7. Local action is important in improving air quality in local 'hotspots' and working with local industry and other authorities to manage air quality. The Localism Act (given Royal Assent in November 2011) puts greater power in the hands of local government and local communities to influence decisions in their area and to support sustainable growth and development. These decisions can significantly affect local air quality; and local authorities have continuing responsibilities to assess and improve air quality where national objectives or limit values are at risk. The powers in Part 2 of the Localism Act to pass on infraction fines are intended to encourage local authorities to meet their European obligations and act responsibly. Part 2 of the Act will only be used in exceptional circumstances, after all the UK has never been fined for an infraction.

8. The Government is supporting action by local authorities to investigate measures to improve local air quality, and in 2011 allocated £3m towards local action. More widely, hundreds of millions of pounds have been allocated towards measures to support local sustainable transport, carbon reduction and economic growth; and many of these projects have potential to improve air quality in addition to meeting their primary objectives. The Government will continue to work with local authorities to deliver improvements and to encourage local authority decision makers to consider and, where practicable, to take measures within their powers to improve air quality.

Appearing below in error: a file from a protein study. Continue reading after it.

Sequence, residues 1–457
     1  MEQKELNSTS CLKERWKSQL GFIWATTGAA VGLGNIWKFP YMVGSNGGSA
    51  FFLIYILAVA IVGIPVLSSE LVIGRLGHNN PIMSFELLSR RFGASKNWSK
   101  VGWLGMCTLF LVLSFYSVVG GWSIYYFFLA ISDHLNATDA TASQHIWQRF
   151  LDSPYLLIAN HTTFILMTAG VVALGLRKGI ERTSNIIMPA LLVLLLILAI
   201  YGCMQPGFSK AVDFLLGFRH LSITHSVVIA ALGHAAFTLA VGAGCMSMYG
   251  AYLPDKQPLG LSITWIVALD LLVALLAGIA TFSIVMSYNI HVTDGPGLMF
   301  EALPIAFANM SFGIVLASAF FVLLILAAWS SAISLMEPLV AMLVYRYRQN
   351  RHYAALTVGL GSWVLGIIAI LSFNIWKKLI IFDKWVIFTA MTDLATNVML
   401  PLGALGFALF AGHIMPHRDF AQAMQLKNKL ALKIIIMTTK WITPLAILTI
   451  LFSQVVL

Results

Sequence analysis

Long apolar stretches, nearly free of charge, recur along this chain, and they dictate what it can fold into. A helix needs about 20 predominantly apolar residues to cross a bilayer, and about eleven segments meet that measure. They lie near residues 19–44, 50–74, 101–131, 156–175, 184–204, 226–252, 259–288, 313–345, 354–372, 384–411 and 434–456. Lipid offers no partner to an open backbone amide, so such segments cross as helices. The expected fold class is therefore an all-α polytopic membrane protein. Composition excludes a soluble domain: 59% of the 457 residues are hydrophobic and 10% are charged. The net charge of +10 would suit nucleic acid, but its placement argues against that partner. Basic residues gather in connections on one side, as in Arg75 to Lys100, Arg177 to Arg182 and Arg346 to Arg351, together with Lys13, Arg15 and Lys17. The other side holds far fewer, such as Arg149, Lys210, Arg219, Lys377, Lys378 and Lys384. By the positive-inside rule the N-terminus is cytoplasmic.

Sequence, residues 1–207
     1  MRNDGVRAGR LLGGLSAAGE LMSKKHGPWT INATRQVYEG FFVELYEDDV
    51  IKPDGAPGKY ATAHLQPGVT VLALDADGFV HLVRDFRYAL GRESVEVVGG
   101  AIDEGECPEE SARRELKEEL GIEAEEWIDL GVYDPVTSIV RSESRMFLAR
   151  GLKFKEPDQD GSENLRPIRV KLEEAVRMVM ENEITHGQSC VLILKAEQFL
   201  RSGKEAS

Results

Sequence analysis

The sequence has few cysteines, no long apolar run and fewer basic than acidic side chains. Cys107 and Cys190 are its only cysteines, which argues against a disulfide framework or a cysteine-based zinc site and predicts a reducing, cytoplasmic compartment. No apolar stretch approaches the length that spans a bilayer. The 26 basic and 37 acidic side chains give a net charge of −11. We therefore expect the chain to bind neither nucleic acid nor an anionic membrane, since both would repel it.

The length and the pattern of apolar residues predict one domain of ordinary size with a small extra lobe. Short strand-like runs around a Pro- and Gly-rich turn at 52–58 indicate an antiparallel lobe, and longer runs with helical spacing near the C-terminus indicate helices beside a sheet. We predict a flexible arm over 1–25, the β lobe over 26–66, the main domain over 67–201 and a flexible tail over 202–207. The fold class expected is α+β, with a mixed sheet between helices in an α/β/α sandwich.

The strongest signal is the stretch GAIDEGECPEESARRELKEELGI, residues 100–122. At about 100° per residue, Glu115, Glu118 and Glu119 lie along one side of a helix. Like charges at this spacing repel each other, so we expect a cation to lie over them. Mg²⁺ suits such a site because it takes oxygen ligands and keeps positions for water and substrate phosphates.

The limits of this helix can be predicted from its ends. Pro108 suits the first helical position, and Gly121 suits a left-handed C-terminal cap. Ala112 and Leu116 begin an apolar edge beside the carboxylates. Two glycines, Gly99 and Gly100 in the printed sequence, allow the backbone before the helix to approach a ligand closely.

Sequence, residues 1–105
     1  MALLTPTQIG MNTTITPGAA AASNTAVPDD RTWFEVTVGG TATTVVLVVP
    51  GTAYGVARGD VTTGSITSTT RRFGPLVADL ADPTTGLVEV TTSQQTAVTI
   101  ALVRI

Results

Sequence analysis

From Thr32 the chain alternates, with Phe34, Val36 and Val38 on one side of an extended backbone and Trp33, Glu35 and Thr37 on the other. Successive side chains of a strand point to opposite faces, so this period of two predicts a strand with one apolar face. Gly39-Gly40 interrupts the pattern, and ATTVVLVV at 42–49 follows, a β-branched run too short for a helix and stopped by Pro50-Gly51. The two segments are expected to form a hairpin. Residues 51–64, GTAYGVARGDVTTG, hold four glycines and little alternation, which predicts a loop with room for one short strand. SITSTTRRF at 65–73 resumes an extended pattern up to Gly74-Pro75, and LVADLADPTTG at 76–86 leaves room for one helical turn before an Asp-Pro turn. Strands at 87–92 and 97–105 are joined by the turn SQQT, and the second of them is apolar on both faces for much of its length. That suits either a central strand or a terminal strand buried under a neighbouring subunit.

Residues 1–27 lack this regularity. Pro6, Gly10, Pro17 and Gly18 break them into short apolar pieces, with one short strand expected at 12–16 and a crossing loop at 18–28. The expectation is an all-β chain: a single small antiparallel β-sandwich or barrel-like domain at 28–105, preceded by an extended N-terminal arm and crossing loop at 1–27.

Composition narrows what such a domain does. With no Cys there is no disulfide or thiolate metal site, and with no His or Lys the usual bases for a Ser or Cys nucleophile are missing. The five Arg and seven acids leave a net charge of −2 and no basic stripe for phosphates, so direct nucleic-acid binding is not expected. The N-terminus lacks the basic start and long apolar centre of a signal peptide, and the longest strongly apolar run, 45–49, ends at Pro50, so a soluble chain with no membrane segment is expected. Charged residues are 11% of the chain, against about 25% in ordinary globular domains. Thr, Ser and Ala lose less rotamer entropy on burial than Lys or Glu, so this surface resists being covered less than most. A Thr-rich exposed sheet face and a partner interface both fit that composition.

9. The Government sees public awareness as central to achieving its goals on improving air quality; and a top priority is ensuring businesses and the public understand both the health impacts, and the actions that can be effective in reducing those health impacts. Since the Government's response to the Committee's first inquiry, substantial progress has been made regarding our understanding of the health impacts of air pollution and how this can be used in public communication.